In his first state visit to Asia since taking office last May, French President François Hollande visited India on February 14-15. Accompanied by a delegation of ministers and executives of over 60 top French corporations, Hollande sought to reinforce trade and strategic ties between the two countries, particularly through large-scale arms deals.
Hollande pushed for the conclusion of a more than $10 billion deal to sell 126 Rafale fighter jets to India. The deal, which is expected to be signed by the middle of this year, would be the world’s biggest purchase of warplanes in 15 years. France and India also concluded talks on a $6 billion project to co-develop short-range surface-to-air missiles.
Though the deal is not yet signed, talks are also proceeding between French nuclear firm Areva and the state-owned Nuclear Power Corporation of India for a $9.3 billion contract to build a 9,900-megawatt nuclear power plant at Jaitapur in the western state of Maharashtra.
In Delhi, Hollande said, “We come from a great partnership, India and France, and we must always improve the relationship between our two countries. India is a great democracy, the biggest democracy of the world, a country which is developing, and France must be with you in this challenge.”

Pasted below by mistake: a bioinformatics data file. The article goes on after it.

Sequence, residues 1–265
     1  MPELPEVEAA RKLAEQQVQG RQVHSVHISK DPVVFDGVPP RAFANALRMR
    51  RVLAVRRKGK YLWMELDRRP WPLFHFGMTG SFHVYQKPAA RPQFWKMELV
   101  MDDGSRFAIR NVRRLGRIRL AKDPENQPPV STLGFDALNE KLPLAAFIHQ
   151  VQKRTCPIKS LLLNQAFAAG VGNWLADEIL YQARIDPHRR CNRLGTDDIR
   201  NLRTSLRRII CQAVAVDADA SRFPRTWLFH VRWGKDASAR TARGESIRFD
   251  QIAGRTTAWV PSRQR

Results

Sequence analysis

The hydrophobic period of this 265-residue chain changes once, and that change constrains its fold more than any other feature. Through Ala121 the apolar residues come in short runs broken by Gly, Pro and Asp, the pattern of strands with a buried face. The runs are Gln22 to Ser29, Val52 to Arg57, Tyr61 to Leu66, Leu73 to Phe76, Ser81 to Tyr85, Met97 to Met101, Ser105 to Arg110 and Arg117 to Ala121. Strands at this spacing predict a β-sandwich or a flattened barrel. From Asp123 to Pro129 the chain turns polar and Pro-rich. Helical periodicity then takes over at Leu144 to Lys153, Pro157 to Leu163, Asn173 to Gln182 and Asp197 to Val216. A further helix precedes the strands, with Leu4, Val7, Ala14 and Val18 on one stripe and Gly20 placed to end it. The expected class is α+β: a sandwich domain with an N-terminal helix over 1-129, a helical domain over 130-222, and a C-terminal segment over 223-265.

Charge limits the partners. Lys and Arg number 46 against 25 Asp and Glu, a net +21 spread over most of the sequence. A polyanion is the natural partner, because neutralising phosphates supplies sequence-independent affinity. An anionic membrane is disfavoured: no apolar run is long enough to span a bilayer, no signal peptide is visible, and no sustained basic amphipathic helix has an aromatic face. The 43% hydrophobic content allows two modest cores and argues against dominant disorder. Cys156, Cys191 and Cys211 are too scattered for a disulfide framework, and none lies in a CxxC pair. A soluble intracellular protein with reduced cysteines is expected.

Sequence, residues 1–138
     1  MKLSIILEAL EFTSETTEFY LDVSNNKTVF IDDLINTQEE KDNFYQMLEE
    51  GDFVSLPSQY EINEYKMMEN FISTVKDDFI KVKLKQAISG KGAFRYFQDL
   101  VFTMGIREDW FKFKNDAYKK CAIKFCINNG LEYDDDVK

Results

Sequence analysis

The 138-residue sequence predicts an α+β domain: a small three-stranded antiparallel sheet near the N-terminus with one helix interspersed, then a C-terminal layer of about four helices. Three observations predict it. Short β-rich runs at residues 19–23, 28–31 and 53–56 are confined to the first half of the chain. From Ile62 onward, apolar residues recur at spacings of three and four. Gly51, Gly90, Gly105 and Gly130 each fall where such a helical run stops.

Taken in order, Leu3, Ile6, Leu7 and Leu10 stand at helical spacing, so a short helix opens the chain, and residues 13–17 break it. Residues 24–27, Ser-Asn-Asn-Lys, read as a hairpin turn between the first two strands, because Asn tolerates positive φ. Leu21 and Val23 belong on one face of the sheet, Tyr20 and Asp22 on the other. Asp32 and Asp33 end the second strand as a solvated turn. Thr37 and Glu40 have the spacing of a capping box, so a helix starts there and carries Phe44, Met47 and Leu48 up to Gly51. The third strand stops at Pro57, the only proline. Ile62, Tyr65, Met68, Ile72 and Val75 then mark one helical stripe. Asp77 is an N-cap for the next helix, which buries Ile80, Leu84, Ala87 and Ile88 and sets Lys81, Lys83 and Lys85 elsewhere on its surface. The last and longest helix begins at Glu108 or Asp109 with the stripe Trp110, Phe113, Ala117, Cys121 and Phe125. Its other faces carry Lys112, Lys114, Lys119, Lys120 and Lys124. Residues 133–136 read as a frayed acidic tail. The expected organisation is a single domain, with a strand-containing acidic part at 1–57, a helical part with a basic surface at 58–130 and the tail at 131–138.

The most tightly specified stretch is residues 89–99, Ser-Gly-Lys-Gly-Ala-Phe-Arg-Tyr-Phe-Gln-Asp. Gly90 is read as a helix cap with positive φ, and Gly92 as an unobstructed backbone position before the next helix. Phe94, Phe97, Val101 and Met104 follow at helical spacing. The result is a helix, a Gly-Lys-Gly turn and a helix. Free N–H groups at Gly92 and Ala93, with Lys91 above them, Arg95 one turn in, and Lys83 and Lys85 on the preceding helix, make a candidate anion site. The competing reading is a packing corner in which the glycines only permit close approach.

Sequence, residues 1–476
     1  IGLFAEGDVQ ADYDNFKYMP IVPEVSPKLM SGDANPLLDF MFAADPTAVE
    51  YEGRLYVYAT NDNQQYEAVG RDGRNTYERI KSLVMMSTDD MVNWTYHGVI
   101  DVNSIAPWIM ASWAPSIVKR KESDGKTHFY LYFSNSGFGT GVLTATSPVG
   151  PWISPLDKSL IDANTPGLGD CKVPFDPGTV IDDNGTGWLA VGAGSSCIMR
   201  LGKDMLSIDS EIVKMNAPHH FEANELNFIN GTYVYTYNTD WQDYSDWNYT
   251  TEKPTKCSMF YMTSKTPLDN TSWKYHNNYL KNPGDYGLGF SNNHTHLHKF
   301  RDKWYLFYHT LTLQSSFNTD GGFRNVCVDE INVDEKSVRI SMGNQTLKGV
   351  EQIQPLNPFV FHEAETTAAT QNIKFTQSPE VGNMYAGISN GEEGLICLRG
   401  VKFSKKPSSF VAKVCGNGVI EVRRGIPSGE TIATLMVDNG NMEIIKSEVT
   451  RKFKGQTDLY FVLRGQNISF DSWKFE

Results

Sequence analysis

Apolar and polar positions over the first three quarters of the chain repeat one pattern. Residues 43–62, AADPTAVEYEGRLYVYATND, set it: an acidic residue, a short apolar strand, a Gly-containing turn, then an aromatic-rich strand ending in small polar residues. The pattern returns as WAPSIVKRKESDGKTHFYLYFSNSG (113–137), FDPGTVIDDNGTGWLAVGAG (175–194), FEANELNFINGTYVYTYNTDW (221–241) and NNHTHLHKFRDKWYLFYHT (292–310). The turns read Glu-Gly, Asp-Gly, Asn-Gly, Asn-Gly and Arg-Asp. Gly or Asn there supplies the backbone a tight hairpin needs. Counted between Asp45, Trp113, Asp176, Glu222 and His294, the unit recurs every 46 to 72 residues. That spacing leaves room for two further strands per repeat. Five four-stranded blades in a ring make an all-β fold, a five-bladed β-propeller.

For his part, Indian Prime Minister Manmohan Singh said, “India regards France as one of its most valued strategic partners.”
Hollande’s visit to India exemplifies the cynical and reactionary character of imperialist diplomacy. While imposing massive job cuts at automakers Renault and Peugeot-Citroën and other draconian austerity measures, Hollande is trying to prop up the shrinking French economy by winning contracts that fan the flames of the arms race in Asia.
A country still plagued by deep mass poverty and chronic hunger, India reportedly overtook China to become the biggest arms-importing nation in 2010. In 2011, India’s military expenditure, excluding nuclear weapons, was $44.28 billion. Over the next decade, India reportedly plans to spend $150 billion modernising, upgrading and maintaining its military equipment. Defence analysts IHS Jane ’ s predicted that India would surpass France, Japan and the UK to become the fourth-biggest defence spender in the world by 2020, trailing only the US, China and Russia.